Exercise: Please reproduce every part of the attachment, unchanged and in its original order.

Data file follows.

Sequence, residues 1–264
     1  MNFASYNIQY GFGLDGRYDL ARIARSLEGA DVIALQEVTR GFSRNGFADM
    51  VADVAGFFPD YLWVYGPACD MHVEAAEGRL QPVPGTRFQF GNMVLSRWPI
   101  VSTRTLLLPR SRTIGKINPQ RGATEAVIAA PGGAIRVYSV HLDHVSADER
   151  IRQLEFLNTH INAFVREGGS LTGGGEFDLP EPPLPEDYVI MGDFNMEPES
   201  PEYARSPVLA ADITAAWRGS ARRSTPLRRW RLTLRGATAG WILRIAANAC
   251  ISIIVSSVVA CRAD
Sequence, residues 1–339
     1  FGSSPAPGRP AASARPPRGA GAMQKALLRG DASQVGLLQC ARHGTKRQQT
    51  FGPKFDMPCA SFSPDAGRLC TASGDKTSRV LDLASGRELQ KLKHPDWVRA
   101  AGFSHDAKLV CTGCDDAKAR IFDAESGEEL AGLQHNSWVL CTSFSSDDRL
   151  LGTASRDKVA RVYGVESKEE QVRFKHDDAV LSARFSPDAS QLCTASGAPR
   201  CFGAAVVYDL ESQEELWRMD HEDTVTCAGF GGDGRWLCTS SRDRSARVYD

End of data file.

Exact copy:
Sequence, residues 1–264
     1  MNFASYNIQY GFGLDGRYDL ARIARSLEGA DVIALQEVTR GFSRNGFADM
    51  VADVAGFFPD YLWVYGPACD MHVEAAEGRL QPVPGTRFQF GNMVLSRWPI
   101  VSTRTLLLPR SRTIGKINPQ RGATEAVIAA PGGAIRVYSV HLDHVSADER
   151  IRQLEFLNTH INAFVREGGS LTGGGEFDLP EPPLPEDYVI MGDFNMEPES
   201  PEYARSPVLA ADITAAWRGS ARRSTPLRRW RLTLRGATAG WILRIAANAC
   251  ISIIVSSVVA CRAD
Sequence, residues 1–339
     1  FGSSPAPGRP AASARPPRGA GAMQKALLRG DASQVGLLQC ARHGTKRQQT
    51  FGPKFDMPCA SFSPDAGRLC TASGDKTSRV LDLASGRELQ KLKHPDWVRA
   101  AGFSHDAKLV CTGCDDAKAR IFDAESGEEL AGLQHNSWVL CTSFSSDDRL
   151  LGTASRDKVA RVYGVESKEE QVRFKHDDAV LSARFSPDAS QLCTASGAPR
   201  CFGAAVVYDL ESQEELWRMD HEDTVTCAGF GGDGRWLCTS SRDRSARVYD